Solving the non-atomic table swap, Take III: making it atomic

July 7, 2016

With the unintended impression of becoming live blogging, we now follow up on Solving the non-atomic table swap, Take II and Solving the Facebook-OSC non-atomic table swap problem with a safe, blocking, atomic solution

Why yet another iteration?

The solution presented in Solving the non-atomic table swap, Take II was good, in that it was safe. No data corruption. Optimistic: if no connection is killed throughout the process, then completely blocking.

Two outstanding issues remained:

  • If something did go wrong, the solution reverted to a table-outage
  • On replicas, the table swap is non atomic, non blocking. There's table-outage scenario on replica.

As it turns out, there's a simpler solution which overcomes both the above. As with math and physics, the simpler solution is often the preferred one. But it took those previous iterations to gather a few ideas together. So, anyway:

Safe, locking, atomic, asynchronous table swap

Do read the aforementioned previous posts; the quick-quick recap is: we want to be able to LOCK a table tbl, then do some stuff, then swap it out and put some ghost table in its place. MySQL does not allow us to rename tbl to tbl_old, ghost to tbl if we have locks on tbl in that session.

The solution we offer is now based on two connections only (as opposed to three, in the optimistic approach). "Our" connections will be C10, C20. The "normal" app connections are C1..C9, C11..C19, C21..C29.

  • Connections C1..C9 operate on tbl with normal DML: INSERT, UPDATE, DELETE
  • Connection C10: CREATE TABLE tbl_old (id int primary key) COMMENT='magic-be-here'
  • Connection C10: LOCK TABLES tbl WRITE, tbl_old WRITE
  • Connections C11..C19, newly incoming, issue queries on tbl but are blocked due to the LOCK
  • Connection C20: RENAME TABLE tbl TO tbl_old, ghost TO tbl
    This is blocked due to the LOCK, but gets prioritized on top connections C11..C19 and on top C1..C9 or any other connection that attempts DML on tbl
  • Connections C21..C29, newly incoming, issue queries on tbl but are blocked due to the LOCK and due to the RENAME, waiting in queue
  • Connection C10: checks that C20's RENAME is applied (looks for the blocked RENAME in processlist)
  • Connection 10: DROP TABLE tbl_old
    Nothing happens yet; tbl is still locked. All other connections still blocked.
  • Connection 10: UNLOCK TABLES
    The RENAME is first to execute, ghost table is swapped in place of tbl, then C1..C9, C11..C19, C21..C29 all get to operate on the new and shiny tbl

Some notes

  • We create tbl_old as a blocker for a premature swap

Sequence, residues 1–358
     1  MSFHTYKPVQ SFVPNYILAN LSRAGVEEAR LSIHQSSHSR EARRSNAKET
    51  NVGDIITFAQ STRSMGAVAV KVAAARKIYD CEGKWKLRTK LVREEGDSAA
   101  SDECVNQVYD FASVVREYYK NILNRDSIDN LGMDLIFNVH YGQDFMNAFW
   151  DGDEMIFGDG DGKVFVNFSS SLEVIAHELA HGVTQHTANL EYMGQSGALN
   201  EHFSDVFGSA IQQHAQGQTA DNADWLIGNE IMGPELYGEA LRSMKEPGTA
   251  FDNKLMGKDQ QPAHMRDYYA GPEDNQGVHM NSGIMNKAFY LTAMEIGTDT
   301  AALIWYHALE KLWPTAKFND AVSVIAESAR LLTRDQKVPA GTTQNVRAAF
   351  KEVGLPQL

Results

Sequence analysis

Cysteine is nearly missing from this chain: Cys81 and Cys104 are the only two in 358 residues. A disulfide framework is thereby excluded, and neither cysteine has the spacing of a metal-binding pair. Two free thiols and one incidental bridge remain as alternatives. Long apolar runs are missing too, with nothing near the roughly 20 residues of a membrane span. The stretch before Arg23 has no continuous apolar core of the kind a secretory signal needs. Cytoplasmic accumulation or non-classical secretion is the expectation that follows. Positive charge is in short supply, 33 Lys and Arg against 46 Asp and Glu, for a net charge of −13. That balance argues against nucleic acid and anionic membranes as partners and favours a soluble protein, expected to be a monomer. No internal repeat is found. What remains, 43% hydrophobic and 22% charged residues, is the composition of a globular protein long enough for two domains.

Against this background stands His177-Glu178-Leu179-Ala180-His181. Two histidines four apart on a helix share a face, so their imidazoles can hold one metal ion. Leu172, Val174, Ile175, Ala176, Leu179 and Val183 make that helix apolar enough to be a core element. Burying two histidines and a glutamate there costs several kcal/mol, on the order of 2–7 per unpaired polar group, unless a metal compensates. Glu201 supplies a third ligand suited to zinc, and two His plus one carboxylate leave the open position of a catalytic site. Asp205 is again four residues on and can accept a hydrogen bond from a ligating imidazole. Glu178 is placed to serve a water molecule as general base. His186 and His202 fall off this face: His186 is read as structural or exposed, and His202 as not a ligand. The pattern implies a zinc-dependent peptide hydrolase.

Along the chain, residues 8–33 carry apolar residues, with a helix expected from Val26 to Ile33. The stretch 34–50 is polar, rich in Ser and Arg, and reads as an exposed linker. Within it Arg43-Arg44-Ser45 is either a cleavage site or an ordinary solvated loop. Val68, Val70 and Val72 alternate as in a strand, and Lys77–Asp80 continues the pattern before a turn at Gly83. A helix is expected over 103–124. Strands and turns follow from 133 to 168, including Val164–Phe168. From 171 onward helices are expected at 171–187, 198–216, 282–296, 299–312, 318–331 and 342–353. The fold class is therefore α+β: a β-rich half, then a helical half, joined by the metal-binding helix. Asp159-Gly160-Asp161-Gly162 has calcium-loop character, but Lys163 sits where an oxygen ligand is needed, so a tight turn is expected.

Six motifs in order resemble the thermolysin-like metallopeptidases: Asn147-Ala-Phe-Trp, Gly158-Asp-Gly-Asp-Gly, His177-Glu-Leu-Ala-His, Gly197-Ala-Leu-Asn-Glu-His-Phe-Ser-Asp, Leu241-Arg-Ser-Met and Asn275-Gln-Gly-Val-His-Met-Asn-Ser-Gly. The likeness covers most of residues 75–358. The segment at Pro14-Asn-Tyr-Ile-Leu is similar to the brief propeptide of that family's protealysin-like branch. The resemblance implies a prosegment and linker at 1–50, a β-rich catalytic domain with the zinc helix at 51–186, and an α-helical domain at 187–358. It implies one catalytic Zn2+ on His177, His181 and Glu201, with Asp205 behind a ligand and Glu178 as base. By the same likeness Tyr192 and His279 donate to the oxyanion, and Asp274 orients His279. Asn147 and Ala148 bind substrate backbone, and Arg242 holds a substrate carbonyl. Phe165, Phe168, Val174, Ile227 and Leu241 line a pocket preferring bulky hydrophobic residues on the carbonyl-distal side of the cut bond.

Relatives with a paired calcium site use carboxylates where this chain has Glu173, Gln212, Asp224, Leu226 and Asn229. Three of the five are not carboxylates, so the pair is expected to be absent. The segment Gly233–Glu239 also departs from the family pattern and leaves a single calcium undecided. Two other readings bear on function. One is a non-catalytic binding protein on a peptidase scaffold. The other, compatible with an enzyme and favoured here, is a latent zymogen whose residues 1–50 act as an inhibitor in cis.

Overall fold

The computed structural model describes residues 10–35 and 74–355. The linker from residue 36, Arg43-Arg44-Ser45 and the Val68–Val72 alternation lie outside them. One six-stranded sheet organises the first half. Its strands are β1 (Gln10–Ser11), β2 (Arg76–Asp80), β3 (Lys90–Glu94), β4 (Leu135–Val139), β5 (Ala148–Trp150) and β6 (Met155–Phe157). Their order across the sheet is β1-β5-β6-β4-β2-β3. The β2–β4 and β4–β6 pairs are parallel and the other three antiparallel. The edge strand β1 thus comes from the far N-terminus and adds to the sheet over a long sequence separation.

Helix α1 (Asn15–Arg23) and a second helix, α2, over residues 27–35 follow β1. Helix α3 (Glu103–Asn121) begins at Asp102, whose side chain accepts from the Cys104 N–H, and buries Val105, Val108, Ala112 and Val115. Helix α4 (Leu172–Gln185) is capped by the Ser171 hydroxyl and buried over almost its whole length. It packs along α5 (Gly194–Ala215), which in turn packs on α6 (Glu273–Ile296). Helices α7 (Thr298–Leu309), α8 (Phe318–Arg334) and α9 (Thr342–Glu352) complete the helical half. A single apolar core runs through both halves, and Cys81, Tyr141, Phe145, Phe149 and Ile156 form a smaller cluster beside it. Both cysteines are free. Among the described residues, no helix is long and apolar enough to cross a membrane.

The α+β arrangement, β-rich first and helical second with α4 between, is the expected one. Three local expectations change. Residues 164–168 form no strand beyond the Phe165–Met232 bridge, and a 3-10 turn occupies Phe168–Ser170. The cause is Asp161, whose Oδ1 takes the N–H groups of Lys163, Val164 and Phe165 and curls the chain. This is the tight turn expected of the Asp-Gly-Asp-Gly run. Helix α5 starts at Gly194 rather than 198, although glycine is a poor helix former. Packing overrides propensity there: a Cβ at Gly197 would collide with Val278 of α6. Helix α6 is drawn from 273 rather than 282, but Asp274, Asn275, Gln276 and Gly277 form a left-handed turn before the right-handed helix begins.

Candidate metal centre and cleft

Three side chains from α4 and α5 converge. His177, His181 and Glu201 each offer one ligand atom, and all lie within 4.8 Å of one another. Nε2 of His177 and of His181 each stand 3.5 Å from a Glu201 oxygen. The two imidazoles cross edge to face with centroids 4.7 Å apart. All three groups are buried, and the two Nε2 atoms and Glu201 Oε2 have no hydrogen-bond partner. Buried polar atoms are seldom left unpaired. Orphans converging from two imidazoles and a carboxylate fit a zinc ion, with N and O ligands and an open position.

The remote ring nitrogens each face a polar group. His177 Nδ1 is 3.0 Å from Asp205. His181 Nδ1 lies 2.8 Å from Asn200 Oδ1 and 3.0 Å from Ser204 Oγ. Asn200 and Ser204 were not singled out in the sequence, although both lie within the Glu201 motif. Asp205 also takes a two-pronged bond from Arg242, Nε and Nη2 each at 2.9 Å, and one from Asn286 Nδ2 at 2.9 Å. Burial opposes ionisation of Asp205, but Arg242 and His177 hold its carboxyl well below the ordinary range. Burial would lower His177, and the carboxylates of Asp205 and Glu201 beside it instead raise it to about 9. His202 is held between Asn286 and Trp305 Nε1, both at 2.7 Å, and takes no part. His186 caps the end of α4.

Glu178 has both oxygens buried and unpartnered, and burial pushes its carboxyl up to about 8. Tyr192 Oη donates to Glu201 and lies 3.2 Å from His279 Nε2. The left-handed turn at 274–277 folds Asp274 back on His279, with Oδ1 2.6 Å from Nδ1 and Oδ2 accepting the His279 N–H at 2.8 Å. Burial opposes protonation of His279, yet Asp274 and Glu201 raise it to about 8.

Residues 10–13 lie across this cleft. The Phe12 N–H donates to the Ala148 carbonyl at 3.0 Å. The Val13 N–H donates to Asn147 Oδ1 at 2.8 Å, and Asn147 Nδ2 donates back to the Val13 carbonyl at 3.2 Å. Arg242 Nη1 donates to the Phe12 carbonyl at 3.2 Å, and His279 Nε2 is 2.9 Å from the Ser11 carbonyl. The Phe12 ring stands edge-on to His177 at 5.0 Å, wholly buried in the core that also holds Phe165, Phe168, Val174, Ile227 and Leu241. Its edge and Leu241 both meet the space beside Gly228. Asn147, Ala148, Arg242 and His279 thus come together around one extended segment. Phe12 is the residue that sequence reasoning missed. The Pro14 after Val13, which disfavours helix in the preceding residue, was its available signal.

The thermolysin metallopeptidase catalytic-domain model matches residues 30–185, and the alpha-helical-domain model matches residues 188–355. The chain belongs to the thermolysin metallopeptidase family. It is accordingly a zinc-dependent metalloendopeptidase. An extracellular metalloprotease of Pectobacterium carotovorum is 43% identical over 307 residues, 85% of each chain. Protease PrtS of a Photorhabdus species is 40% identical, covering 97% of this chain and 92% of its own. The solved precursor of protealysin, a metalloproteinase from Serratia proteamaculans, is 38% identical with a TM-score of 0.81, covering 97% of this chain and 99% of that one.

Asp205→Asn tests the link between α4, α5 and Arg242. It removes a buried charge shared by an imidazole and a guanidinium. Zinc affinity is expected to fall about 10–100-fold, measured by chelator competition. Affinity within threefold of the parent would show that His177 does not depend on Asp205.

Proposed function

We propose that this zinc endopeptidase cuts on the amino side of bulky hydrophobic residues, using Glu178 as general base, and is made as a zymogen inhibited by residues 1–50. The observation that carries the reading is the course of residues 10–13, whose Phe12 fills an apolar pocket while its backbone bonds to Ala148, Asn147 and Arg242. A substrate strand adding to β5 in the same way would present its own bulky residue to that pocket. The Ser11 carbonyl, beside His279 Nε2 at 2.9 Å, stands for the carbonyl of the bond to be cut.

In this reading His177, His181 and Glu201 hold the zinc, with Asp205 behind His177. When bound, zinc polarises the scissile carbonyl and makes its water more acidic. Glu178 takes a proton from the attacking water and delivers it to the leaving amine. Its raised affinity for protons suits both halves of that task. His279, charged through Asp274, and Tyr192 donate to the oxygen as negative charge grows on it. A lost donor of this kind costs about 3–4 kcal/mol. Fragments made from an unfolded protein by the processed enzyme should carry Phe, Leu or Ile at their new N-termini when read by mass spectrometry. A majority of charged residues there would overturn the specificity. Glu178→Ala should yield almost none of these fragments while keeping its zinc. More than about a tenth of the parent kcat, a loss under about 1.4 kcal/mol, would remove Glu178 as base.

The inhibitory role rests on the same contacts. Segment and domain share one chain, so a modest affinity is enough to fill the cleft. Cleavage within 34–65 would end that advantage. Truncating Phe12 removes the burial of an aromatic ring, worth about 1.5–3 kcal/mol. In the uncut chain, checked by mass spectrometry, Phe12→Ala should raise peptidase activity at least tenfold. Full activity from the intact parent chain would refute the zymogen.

• It is allowed for a connection to DROP a table it has under a WRITE LOCK
  • A blocked RENAME is always prioritized over a blocked INSERT/UPDATE/DELETE, no matter who came first

What happens on failures?

Much fun. Just works; no rollback required.

  • If C10 errors on the CREATE we do not proceed.
  • If C10 errors on the LOCK statement, we do not proceed. The table is not locked. App continues to operate as normal.
  • If C10 dies just as C20 is about to issue the RENAME:
    • The lock is released, the queries C1..C9, C11..C19 immediately operate on tbl.
    • C20's RENAME immediately fails because tbl_old exists.
      The entire operation is failed, but nothing terrible happens; some queries were blocked for some time is all. We will need to retry everything
  • If C10 dies while C20 is blocked on RENAME: Mostly similar to the above. Lock released, then C20 fails the RENAME (because tbl_old exists), then all queries resume normal operation
  • If C20 dies before C10 drops the table, we catch the error and let C10 proceed as planned: DROP, UNLOCK. Nothing terrible happens, some queries were blocked for some time. We will need to retry
  • If C20 dies just after C10 DROPs the table but before the unlock, same as above.
  • If both C10 and C20 die, no problem: LOCK is cleared; RENAME lock is cleared. C1..C9, C11..C19, C21..C29 are free to operate on tbl.

No matter what happens, at the end of operation we look for the ghost table. Is it still there? Then we know the operation failed, "atomically". Is it not there? Then it has been renamed to tbl, and the operation worked atomically.

A side note on failure is the matter of cleaning up the magic tbl_old. Here this is a matter of taste. Maybe just let it live and avoid recreating it, or you can drop it if you like.

Impact on app

App connections are guaranteed to be blocked, either until ghost is swapped in, or until operation fails. In the former, they proceed to operate on the new table. In the latter, they proceed to operate on the original table.

Impact on replication

Replication only sees the RENAME. There is no LOCK in the binary logs. Thus, replication sees an atomic two-table swap. There is no table-outage.


This solution satisfies all we wanted to achieve. We're unlikely to give this another iteration. Well, if some yet-more-elegant solution comes along I'll be tempted, for the beauty of it, but the solution offered in this post is simple-enough, safe, atomic, replication friendly, and should make everyone happy.

  • That are the issues with this?

    tbl1 TO tmp,
    tbl2 TO tbl1,
    tmp TO tbl2;

  • @Rick, I'm not looking for a symmetric swap. I'm looking to replace one table with another, while under lock, such that I can finalize some last writes.

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